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Kinda goes without saying, but shore up your admin passwords or be borged by this brute-forcing botnet

Publishing platforms, hosts being targeted by Stealthworker malware

Servers are being targeted with a malware attack that uses its infected hosts to brute-force other machines.

Known to Akamai researchers as Stealthworker, the infection preys on weak passwords then uses a massive arsenal of malware to overtake Windows and Linux servers running popular CMS, publishing, and hosting tools.

Akamai senior security researcher Larry Cashdollar (yes, that is his last name, and yes, he is tired of that joke) discovered the attack while operating an intentionally exposed Wordpress/MySQL container that for some reason was dealing in massive amounts of traffic.

"I log into the system and I see a ton of connections between my system and dozens of WP sites around the internet," Cashdollar told The Register.

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Huygens if true: Dutch police break up bulletproof hosting outfit and kill Mirai botnet

Cops also Cruyff cloggy couple

Dutch police said in a translated news release that they have busted a local 'bulletproof' server hosting operation in a major takedown that also nabbed a pair of Mirai botnet operators.

The Netherlands' National Criminal Investigation Department and National Cyber Security Center operated jointly to track down and seize five servers that they say were being used as an underground 'bulletproof' hosting service for criminals.

The servers, housed at an unnamed data center in Amsterdam, had been the subject of thousands of complaints of malware infections as their operators had used the boxes to run exploits and control infected machines.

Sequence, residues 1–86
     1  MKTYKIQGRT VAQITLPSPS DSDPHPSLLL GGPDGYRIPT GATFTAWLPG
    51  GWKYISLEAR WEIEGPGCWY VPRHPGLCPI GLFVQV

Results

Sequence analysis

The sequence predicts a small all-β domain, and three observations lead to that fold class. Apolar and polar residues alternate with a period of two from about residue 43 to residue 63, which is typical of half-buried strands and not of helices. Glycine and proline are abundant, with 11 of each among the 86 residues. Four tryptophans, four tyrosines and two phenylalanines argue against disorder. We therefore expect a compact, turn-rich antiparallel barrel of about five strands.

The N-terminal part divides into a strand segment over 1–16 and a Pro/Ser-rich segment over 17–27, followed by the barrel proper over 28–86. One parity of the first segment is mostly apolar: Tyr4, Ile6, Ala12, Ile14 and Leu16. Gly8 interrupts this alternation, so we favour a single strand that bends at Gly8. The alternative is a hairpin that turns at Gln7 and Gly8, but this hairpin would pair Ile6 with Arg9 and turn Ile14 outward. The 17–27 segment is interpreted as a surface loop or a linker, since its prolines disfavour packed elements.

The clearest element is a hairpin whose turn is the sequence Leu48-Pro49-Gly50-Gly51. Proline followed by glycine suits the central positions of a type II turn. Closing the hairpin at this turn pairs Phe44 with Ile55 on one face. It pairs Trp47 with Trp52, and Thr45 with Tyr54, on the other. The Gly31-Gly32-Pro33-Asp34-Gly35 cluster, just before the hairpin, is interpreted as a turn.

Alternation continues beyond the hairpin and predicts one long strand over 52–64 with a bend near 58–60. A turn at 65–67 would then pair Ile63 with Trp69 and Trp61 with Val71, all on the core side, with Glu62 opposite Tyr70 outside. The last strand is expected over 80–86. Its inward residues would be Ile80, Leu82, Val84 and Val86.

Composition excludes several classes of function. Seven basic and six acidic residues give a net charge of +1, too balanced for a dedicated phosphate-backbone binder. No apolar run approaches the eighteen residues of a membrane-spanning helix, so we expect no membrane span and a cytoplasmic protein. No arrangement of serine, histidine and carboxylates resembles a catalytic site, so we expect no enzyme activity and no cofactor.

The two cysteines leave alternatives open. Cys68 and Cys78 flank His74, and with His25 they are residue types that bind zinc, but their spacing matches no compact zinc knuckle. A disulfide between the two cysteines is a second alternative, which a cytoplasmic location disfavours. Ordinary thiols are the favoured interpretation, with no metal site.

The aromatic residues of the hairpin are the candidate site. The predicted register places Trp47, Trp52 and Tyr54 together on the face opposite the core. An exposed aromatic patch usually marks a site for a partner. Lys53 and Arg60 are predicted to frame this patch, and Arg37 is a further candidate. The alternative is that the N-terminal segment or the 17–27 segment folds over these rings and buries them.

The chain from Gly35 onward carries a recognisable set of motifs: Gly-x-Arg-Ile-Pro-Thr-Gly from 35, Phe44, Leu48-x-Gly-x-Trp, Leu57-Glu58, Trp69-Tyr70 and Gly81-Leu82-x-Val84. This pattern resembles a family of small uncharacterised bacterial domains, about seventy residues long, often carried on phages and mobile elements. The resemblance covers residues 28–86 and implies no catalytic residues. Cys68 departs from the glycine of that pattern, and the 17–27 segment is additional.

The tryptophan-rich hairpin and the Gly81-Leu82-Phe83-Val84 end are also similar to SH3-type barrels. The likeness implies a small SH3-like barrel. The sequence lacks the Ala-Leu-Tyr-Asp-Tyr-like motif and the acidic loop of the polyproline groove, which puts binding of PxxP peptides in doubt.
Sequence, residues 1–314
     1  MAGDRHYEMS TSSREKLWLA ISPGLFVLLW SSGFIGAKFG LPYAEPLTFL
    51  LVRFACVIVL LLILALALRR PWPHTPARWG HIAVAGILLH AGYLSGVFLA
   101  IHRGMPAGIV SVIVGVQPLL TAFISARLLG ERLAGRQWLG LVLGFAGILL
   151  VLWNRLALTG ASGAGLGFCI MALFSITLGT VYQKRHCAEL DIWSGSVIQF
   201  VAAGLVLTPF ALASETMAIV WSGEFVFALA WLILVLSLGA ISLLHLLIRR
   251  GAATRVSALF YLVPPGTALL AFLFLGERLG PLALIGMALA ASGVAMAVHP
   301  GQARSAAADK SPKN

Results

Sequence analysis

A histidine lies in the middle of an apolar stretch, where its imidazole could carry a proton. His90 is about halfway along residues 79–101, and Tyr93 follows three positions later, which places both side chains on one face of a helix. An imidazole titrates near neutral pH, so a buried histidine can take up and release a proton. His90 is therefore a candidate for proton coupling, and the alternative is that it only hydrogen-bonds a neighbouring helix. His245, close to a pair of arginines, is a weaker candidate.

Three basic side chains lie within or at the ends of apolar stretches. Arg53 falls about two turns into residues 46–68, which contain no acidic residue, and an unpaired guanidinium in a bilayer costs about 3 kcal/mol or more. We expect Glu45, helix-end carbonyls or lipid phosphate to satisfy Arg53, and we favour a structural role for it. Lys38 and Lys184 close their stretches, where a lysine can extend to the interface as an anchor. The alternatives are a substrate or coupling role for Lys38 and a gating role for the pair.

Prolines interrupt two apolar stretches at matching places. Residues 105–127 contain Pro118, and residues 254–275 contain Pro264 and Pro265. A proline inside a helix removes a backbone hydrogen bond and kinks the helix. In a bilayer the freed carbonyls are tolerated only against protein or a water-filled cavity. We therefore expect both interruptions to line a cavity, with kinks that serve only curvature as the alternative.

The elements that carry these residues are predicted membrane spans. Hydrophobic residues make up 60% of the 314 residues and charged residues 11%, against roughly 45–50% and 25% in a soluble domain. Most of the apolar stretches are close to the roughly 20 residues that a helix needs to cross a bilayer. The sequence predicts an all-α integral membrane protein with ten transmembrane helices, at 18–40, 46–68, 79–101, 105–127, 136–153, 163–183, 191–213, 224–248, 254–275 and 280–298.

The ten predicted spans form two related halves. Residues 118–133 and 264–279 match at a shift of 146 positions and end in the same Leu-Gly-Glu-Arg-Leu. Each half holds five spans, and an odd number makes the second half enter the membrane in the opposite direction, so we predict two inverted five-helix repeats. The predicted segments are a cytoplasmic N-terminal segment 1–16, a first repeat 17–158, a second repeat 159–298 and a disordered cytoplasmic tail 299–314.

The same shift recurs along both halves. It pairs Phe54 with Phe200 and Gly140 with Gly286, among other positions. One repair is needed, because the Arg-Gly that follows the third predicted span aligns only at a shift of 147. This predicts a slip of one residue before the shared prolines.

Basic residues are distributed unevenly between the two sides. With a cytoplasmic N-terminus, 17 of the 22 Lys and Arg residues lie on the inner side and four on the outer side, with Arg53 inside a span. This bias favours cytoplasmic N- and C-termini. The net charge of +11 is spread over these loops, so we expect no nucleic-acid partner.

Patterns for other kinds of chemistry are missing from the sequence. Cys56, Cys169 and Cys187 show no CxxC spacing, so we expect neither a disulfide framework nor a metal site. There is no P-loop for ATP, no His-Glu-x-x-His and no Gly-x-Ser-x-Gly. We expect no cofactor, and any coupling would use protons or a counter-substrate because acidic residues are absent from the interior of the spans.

In this case, the police say, the people controlling those servers were a pair of Dutch nationals who had been running a Mirai botnet with cover from the bulletproof host. The duo, a 24 year-old man from Veendam and a 28 year-old man from Middelburg, had been offering the network of Mirai-infected devices as a for-hire distributed denial of service tool.

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You're a botnet, you've got a zero-day, so where do you go? After fiber, because that's where the bandwidth is

Two-step attack seen on core systems

Researchers are warning owners of fiber routers to keep a close eye on their gear and check for firmware updates following the discovery an in-the-wild zero-day attack.

The team of Yanlong Ma, Genshen Ye, Lingming Tu, Ye Jin at 360 Netlab say that for more than two months it has been tracking active attacks on what it says is a two-part remote code execution attack being used to infect the networking gear from multiple vendors.

The exploit results in the attacker getting total control of the vulnerable Netlink Gigabit Passive Optical Networks routers and at least eight other OEMs. One of the steps, detailed by Exploit-db, is known to cause remote command execution.

"The function formPing() in the Web server program /bin/boa, when it processes the post request from /boaform/admin/forming, it did not check the target_addr parameters before calling the system ping commands, thereby a command injection becomes possible," Netlab's team explained.

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Russian jailed for eight years in the US for writing code that sifted botnet logs for web banking creds for fraudsters

Harvested usernames, passwords used to drain victims' coffers

A Russian programmer has been sentenced to eight years behind bars in America for his part in a massive cybercriminal network that hacked into and drained victims' bank accounts.

Aleksandr Brovko, 36, was arrested in the Czech Republic in 2019 and extradited to America following a lengthy probe into Russian hacking rings. He was, according to the US government, “a member of elite, online forums designed for Russian-speaking cybercriminals to gather and exchange tools and services for crime.”

Brovko was born and raised in a middle-class Russian household and got a degree in systems engineering in 2006. However, according to court documents [PDF], he lost his job at a printing and advertising business “after a disagreement with the company’s management.”

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Oh cool, tech service prices are plummeting. And by tech services, we mean botnet rentals and stolen credit cards

Supply and demand in action

Crime has never been cheaper to pull off, so long as you're not particular about quality.